Wednesday, June 25, 2008

The Oman Law Digest 2009 - CIVIL ACTIONS AND PROCEDURE

Civil cases are governed by Civil and Commercial Procedure Law [RD 29/02]. Omani citizens and residents are able to file cases in Omani court. Judicial Authority Law [RD 90/99] vests the authority to administer court systems in the Ministry of Justice with the exception of the Administrative and State Security Courts. Jurisdiction for deciding commercial disputes was earlier vested in an authority called The Authority for the Settlement of Commercial Disputes (ASCD). RD 13/97 designated the Authority as Commercial Courts. Judicial Authority Law [RD 90/99] which established the Supreme Court stipulates hierarchy of courts. The Supreme Court has appellate jurisdiction over all other courts. It has authority to review legal principles, review decisions of lower courts, and supervise judges in application and interpretation of law. A historical development in 2008 was the issuance of Evidence Law for Civil and Commercial Transactions for the first time [RD 68/08].

There are six Appellate Courts and 45 Primary Courts. Primary and Appellate Courts have commercial, civil, criminal, Shariah and labour circuits. Courts of first instance constitute the lowest rung of judicial hierarchy.

Pursuant to Conciliation and Settlement Law [RD 98/05], parties to disputes may voluntarily seek mediation by conciliation committees before approaching court for redress.

CRIMINAL CASES
RD 92/99 established independent Prosecution Service and Public Prosecutor’s office in accordance with Basic Law. With exception of appeals to Supreme Court, all appeals in criminal matters must be filed within 30 days. Primary Court hears appeals from rulings made by court of first instance. Appeals over Appellate or Primary Court decisions are heard by five judge bench of Supreme Court. In case of death or life sentence, final petition for clemency may be made to His Majesty.

Under the current system, the Public Prosecutor has offices in regional headquarters which brings cases before the criminal courts. There are two prisons in Oman where those convicted of serious crimes are sent. Prison Law [RD 48/98] requires that education and vocational training are given to prisoners and wages paid to those who are capable of work. Before release, prisoners who have served four years or more of their sentence are given rehabilitation training to reintegrate them into society.

Juvenile Accountability Law was introduced by RD 30/08 to deal with juveniles committing acts punishable by law. The Law requires juveniles (aged between 9 and 18 years) to be tried in special circuits of the Primary Court in designated locations and convicted juveniles to be sent to reformatory.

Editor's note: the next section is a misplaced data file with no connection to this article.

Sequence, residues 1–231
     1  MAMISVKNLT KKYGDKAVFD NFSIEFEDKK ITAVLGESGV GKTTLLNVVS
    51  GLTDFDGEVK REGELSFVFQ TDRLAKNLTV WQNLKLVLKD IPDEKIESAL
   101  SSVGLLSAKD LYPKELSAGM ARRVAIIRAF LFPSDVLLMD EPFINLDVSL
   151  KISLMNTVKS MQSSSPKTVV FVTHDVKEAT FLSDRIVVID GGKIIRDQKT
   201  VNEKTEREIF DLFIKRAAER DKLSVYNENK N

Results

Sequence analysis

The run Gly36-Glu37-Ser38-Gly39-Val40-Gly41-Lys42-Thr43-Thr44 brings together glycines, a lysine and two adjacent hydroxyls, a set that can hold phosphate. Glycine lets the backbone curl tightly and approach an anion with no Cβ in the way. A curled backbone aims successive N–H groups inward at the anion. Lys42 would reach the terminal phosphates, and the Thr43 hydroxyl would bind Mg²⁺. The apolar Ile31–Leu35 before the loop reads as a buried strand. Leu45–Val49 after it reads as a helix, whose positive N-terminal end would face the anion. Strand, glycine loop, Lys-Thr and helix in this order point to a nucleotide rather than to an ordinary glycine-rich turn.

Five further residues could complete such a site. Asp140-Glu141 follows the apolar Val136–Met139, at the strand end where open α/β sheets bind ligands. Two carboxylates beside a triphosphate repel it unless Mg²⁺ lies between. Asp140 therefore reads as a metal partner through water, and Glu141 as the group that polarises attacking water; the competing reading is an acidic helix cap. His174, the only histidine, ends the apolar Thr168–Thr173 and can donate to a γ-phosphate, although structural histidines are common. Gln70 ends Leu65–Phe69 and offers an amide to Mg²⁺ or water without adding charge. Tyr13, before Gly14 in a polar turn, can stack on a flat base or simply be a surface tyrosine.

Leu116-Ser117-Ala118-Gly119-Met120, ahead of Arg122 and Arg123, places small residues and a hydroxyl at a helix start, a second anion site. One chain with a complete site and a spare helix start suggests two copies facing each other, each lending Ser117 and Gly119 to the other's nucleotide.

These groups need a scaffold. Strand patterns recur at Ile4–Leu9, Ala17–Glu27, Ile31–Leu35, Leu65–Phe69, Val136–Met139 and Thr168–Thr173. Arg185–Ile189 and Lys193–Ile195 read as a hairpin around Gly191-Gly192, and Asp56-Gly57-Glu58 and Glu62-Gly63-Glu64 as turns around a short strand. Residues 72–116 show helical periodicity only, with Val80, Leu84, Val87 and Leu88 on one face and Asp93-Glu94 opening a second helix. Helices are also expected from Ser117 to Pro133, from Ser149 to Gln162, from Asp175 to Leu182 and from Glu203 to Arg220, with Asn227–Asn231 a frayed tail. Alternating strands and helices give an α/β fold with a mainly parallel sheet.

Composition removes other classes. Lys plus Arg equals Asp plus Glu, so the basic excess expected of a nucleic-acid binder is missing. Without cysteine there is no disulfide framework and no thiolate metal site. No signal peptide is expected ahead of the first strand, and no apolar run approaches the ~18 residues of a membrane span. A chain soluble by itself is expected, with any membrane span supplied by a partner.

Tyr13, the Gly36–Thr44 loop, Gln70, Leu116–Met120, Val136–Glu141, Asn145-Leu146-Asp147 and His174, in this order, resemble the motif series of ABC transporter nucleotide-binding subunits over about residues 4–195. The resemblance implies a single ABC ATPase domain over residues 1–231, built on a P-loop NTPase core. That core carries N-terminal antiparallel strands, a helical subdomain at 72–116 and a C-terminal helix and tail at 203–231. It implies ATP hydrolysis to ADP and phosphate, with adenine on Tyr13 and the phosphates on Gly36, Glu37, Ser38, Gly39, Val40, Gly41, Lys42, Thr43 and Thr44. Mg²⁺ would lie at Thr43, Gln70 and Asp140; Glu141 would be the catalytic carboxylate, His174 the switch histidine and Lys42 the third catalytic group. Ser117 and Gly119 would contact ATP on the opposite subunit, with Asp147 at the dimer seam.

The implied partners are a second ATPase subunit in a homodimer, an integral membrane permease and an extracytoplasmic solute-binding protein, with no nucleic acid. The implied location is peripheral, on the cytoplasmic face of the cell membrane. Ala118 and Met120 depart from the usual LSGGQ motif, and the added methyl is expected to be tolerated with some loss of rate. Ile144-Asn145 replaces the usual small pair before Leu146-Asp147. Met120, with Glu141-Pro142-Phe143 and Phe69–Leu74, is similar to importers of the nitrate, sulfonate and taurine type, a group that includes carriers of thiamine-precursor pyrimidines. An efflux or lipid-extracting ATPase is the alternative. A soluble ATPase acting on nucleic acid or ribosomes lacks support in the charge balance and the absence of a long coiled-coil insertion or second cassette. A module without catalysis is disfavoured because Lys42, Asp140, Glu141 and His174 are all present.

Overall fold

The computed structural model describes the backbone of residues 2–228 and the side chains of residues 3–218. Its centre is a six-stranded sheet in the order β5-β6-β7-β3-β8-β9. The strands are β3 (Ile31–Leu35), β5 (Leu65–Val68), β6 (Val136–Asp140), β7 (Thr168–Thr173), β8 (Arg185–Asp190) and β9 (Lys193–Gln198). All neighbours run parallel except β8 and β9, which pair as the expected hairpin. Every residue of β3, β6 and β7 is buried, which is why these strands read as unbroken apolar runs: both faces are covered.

Extraditidn - RD 4/00 stipulates handing over of criminals to a country demanding extradition. Extradition of a person granted political asylum in Oman is excluded. Omani citizens are not permitted to be extradited.

Death penalty - The Law of Criminal Procedures mandates that Courts of Appeals must refer to the Grand Mufti for religious opinion before awarding death sentences.

Administrative court is administered by the Diwan of the Royal Court to review appeals against government and quasi-government administrative decisions. It has the authority to nullify administrative decisions and to award compensation. Appointments to Administrative Court are subject to approval of the Administrative Affairs Council, with the exception of the Court President and Court Deputy President, who are appointed pursuant to Royal Decree.

State security court exercises jurisdiction over cases involving national security and criminal matters that require expeditious or especially sensitive handling. The Security Court procedures mirror closely those applicable elsewhere in the criminal system.

Stare decisis became a feature of Omani law after the issuance of Judicial Authority Law [RD 90/99].

FOREIGN JUDGMENT
Civil and Commercial Procedure Law [RD 29/02] requires that orders for enforcement of foreign judgment in Oman must be made only if certain conditions are satisfied: (i) the foreign court which issued judgment had jurisdiction to issue it in accordance with rules of jurisprudence of that country; (ii) the judgment is final pursuant to the law of that country; and (iii) it is not issued pursuant to fraud. An Omani court must also ascertain that: (i) the defendant was notified of the case and duly represented; (ii) the judgment is not inconsistent with any law in force or the judgment or order issued by an Omani court or with public policy; and (iii) the courts where the judgment/award is issued accept the enforcement of Omani judgments pursuant to the rule of reciprocity. In practice, due to the strictness of conditions, foreign judgments may be of evidentiary value only and matters may have to be litigated de novo in Omani court.

LEGISLATURE
Refer to Government and Legal System.

Juvenile Accountability Law [RD 30/08] requires establishment of special circuits of Primary Court in designated locations.

To settle disputes regarding jurisdiction of courts and enforcement of conflicting judgments, Law of Conflict of Jurisdiction and Provisions Authority Law was issued by RD 88/08.